Surprise positional outlook: Third base

Young Happy At Hot Corner (2:28)

Rangers third baseman Michael Young talks to Richard Durrett about playing the hot corner and teaching the young players on the team (2:28)

Let's take a look at third base today as part of our ongoing positional outlook series, which will take us into spring training next week. Other outlooks: First base (Chris Davis, Justin Smoak) and second base (Ian Kinsler).

Michael Young finished the 2008 season with a Gold Glove at shortstop and a few months later was told the club wanted him to move to third base for the 2009 season. Young needed some time, but agreed to make the switch, allowing Elvis Andrus to slide into the shortstop role (we'll take a look at SS on Thursday).

The Rangers felt Young's skills were suited to handle third base and that it was time to see what Andrus could do. Young talked to several players that were familiar with the position (including then teammate Hank Blalock) and worked hard to adjust to the different angles and responsibilities of the position. He got used to how quickly the ball came to third and what he needed to do to charge balls down the line. He steadily improved during the season, impressing coaches and teammates with how quickly he adjusted to his new job.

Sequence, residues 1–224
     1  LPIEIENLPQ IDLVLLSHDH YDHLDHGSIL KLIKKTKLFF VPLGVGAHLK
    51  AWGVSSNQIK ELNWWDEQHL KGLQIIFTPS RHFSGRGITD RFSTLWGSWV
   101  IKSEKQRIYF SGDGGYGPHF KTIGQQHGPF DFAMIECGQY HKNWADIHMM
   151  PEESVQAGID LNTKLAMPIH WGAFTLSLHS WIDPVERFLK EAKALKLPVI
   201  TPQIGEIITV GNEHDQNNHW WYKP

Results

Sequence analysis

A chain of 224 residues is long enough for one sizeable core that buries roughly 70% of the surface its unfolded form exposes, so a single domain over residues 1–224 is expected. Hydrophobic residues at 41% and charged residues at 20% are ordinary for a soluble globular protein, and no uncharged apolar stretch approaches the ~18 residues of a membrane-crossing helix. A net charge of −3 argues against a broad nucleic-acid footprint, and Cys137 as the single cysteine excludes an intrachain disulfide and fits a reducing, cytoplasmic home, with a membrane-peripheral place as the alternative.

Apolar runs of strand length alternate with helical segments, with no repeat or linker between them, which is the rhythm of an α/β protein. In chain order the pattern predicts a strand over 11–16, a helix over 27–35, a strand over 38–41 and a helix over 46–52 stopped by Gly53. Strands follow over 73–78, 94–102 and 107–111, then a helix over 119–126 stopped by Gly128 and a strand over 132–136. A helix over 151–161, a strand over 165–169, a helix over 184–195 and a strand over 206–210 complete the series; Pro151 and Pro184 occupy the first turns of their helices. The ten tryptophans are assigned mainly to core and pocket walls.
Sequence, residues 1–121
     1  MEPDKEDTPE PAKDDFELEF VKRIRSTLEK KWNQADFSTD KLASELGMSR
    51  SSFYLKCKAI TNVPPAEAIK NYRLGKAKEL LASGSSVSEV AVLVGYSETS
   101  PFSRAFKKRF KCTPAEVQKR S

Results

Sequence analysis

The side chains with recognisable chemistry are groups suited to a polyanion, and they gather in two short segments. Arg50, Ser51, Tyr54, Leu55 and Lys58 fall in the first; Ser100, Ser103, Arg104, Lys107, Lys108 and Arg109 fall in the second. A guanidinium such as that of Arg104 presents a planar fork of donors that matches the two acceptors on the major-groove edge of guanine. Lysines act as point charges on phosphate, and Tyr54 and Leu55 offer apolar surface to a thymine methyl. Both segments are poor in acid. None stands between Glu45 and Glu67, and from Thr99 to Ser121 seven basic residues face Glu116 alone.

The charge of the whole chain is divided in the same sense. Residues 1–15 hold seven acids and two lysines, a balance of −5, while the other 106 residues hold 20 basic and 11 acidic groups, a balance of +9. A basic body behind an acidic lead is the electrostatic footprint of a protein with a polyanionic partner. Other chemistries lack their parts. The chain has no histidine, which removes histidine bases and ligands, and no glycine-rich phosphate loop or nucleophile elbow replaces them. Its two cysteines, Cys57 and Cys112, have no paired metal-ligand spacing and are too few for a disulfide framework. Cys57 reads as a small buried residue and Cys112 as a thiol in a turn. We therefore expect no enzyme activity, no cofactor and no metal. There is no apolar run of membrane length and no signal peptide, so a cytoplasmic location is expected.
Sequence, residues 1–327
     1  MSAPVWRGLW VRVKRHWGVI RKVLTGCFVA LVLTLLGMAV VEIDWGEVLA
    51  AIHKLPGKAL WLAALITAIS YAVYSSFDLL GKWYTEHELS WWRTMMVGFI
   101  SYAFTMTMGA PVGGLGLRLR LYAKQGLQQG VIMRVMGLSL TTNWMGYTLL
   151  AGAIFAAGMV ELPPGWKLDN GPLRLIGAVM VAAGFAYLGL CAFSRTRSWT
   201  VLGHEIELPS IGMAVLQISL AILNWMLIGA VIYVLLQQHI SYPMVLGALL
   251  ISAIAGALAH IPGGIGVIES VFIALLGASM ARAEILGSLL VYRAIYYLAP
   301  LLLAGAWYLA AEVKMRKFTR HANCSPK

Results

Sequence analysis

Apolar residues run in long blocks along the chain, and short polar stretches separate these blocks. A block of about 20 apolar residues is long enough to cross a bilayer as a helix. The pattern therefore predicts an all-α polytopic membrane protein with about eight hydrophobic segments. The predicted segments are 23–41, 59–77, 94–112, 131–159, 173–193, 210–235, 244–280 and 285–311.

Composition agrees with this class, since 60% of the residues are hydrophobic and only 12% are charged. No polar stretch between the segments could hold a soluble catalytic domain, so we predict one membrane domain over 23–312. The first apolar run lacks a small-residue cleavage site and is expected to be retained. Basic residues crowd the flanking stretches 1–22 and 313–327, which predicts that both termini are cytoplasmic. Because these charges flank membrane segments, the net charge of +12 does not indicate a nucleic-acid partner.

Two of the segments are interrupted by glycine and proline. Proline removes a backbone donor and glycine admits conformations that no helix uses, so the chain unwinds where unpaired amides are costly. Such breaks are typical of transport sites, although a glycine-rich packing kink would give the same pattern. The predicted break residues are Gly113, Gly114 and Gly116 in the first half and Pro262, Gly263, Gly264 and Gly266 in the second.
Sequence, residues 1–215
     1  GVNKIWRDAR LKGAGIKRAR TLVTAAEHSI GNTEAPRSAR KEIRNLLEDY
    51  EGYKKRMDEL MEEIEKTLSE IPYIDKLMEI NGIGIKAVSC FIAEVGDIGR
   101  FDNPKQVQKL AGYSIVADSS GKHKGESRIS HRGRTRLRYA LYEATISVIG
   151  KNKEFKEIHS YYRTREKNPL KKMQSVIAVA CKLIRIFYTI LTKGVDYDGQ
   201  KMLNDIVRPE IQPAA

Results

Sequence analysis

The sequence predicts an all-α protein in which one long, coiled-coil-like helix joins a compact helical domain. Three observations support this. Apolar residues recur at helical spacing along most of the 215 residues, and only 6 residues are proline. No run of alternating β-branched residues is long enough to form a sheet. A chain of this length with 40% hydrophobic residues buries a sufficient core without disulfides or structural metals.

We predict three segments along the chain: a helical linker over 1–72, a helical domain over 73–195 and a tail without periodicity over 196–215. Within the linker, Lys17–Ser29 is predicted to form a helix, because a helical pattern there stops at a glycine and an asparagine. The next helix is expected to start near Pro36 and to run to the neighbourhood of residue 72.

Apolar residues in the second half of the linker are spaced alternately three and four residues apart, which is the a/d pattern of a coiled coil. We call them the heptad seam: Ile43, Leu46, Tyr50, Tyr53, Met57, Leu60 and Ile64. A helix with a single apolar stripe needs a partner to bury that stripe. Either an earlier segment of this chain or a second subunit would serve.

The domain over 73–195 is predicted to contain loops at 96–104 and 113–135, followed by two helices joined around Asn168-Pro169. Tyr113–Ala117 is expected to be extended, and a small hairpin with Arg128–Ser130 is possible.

At the plate, Young had a .322 average, good enough for fifth in the American League. That's six of the last seven seasons that Young had hit .306 or better. He had 22 home runs -- 10 more than in 2008 despite playing 20 fewer games in 2009 -- and 68 RBIs. He had a strained hamstring which caused him to miss much of September, a rarity in his career.

Still, Young was again productive at the plate and the team's unquestioned leader. He helped Andrus make the transition to the big leagues and showed the rest of the team his impressive work ethic and dedication to his craft. The difference for Young in 2010 is that he won't be showing up at spring training trying to get used to a new position. He's played third base for a year and says he feels comfortable. So it should be a less stressful spring for the veteran.

Khalil Greene (we'll get to him later as well) should give Young some breathers at times, if necessary. But last season was the first time Young hadn't played in at least 156 games since he was called up for good in 2001. So he's certainly durable.

There are those out there (I've heard from you) that question whether Young is a good defender at third. I know he doesn't have the greatest UZR numbers and other stats. But he had just nine errors last season, the fewest by any regular third baseman in the AL, in his first year. And yes, Andrus' range certainly helps Young and Kinsler. But in just watching the game, Young did a nice job of charging balls and getting outs and making the key plays when needed. He had trouble on certain balls down the line, but I think part of that was figuring out where to play properly at a new position. I expect he'll be even better in that category in 2010.

Bottom line: Third base is in good hands now. And two years ago, it was a position of flux. That's what a stabilizing force like Young does for a team.